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15 March 2023 | Story Chelepe Mocwana | Photo Grand Epic Photography
Chelepe Mocwana
Chelepe Mocwana serves as the Senior Gender Officer in the Gender Equality and Anti-Discrimination Office within the Unit for Institutional Change and Social Justice on the South Campus of the University of the Free State

Opinion article by Chelepe Mocwana, Senior Officer in the University of the Free State Unit for Institutional Change and Social Justice, Gender Equality and Anti-Discrimination Office.
Gender-Based Violence Challenges Facing Men and Young Boys

Men in South Africa and male students at higher education institutions (HEIs) are faced with the challenge of the social construction of what constitutes a ‘man’. This difficulty is rooted in social norms that are embedded in hetero-patriarchal social systems and beliefs. The manifestation of these beliefs is projected in social realities that are configured within power structures. The scourge of gender-based violence and femicide against women and girls, gender and sexual minorities, is a playout of power dynamics that enable the perpetrator to violate their subject. This form of violence is often perpetuated by men against women or gender and sexual minorities. This is exacerbated and compounded by several issues. 

This includes poverty, socialisation, heteronormativity, political history, mental health, unhealthy sexual practices, and toxic masculinities. Men – especially young men – find themselves without a safe space to express themselves about the challenges they face in society today. Other than men feeling that they have no space to engage, there seems to be a general resistance among men to achieve gender equity and partner with women(x) to eradicate gender-based violence. Some of the resistance is due to the socialisation of men. These are behaviours and cultures that men have adopted over time, normalised, and end up accepting as norms and acceptable behaviour. Men today are faced with the challenge of identity and manhood. 

This begs the question. What does it constitute to be a ‘man’ in this time and age? Issues of manhood and identity among young men today are complex and multifaceted. Historical, cultural, and social factors have played a role in shaping these concepts. In African societies, rituals play a major role in forming our identity and manhood. Some of the narratives around these rituals have led to toxic masculinities and related practices formed by men. Globalisation and social media have influenced men’s views on manhood; therefore, a concerted effort is needed to focus on establishing an identity and manhood that is relevant and applicable to the Global South. 

Why Positive Masculinities

Men must find a space to look at their masculinity again. Therefore, we submit that positive masculinity programmes must be promoted as men engage. The objective of such programmes is to promote healthy and constructive expressions of masculinity. Masculinity that makes men comfortable to express their emotions and to be vulnerable. Spaces where they can engage without being judged when they express themselves. Masculinity that are based on values of respect, empathy, responsibility, and emotional intelligence. Men must challenge harmful gender norms and stereotypes, harmful cultural and social norms that perpetuate toxic and violent expressions of masculinity, gender-based violence, and homophobia, and start to promote more inclusive and equitable social norms.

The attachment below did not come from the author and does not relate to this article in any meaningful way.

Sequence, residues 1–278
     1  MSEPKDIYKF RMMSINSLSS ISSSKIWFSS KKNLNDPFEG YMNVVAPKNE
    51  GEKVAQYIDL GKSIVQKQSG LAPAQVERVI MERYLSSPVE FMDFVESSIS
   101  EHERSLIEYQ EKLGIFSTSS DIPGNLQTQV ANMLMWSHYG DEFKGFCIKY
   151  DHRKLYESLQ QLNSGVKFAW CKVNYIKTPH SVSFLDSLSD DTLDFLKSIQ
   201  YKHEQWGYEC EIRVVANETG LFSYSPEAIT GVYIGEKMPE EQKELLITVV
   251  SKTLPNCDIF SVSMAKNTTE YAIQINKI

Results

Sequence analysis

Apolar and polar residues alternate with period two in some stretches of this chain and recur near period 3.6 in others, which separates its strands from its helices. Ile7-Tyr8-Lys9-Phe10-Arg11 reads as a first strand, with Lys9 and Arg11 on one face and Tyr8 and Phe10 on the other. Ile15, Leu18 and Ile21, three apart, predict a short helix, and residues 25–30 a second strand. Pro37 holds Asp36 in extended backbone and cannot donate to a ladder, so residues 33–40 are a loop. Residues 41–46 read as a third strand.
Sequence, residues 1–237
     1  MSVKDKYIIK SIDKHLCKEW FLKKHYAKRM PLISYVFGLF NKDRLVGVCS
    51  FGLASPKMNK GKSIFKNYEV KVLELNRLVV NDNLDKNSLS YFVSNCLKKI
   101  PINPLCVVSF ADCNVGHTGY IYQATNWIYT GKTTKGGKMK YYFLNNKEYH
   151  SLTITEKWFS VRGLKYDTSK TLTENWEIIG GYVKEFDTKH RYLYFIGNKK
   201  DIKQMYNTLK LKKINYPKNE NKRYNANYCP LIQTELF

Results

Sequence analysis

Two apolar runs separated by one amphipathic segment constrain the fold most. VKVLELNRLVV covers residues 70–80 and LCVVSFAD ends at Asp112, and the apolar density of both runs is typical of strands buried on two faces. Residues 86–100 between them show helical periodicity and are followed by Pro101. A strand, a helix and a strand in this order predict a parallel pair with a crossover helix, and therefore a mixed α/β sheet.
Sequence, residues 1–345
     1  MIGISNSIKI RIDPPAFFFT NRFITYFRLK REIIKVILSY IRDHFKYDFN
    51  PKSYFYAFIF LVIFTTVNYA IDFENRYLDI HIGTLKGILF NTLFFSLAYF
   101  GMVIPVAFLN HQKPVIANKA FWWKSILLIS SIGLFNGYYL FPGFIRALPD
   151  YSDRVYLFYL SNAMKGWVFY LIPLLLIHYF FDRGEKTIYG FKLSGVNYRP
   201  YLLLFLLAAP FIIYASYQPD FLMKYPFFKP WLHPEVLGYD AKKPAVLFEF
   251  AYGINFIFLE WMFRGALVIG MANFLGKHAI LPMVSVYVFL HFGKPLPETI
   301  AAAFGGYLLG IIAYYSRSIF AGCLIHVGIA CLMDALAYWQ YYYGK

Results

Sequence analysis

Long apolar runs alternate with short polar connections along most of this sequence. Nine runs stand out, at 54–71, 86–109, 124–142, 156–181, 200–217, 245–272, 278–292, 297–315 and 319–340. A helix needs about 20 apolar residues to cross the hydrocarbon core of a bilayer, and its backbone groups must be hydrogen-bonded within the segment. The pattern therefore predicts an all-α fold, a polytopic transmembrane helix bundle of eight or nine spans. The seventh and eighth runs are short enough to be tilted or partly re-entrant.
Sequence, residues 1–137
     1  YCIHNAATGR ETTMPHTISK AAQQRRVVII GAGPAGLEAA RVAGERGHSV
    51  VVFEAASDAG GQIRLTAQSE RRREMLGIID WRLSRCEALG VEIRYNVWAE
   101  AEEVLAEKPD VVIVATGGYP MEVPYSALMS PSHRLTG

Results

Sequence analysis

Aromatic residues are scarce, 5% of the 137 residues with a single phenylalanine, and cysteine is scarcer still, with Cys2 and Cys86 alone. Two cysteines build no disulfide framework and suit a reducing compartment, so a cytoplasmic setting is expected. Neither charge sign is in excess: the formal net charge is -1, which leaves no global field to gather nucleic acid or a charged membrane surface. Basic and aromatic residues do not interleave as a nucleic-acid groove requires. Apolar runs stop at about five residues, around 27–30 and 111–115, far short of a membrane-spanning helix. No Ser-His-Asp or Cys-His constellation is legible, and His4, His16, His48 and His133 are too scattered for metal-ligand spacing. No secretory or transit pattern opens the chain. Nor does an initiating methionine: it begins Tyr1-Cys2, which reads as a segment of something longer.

Men are needed who will empower boys and men. Positive masculinity aims to empower men to become positive role models and leaders in their communities. This involves promoting a sense of responsibility and accountability and encouraging men to use their influence to promote positive social change. Ultimately, the objectives of positive masculinity are to promote a more inclusive, equitable, and just society, where individuals of all genders can thrive and reach their full potential. Accountability entails having awareness and acknowledgment of the power and privilege that comes with patriarchy and male privilege; robustly engaging with institutional policies, procedures, and culture to achieve gender equity; respecting and promoting women’s leadership in the gender space and society in general, and continued cooperation with women and gender activists.

Going into the future

It is time for men to speak up and stop being bystanders and onlookers. It is through the promotion of positive and healthy expressions of masculinity that the scourge of gender-based violence can be eliminated. We will achieve equity when we strive to put women, girls, LGBTQI people, and the most marginalised communities at the centre of our awareness and advocacy efforts. No one should be left behind. Men must be partners in eliminating gender-based violence. Men should listen and take women and children seriously; protect women and children and keep them safe; help them to know their rights to be free from violence and abuse; and choose the man they want to be and/or become.

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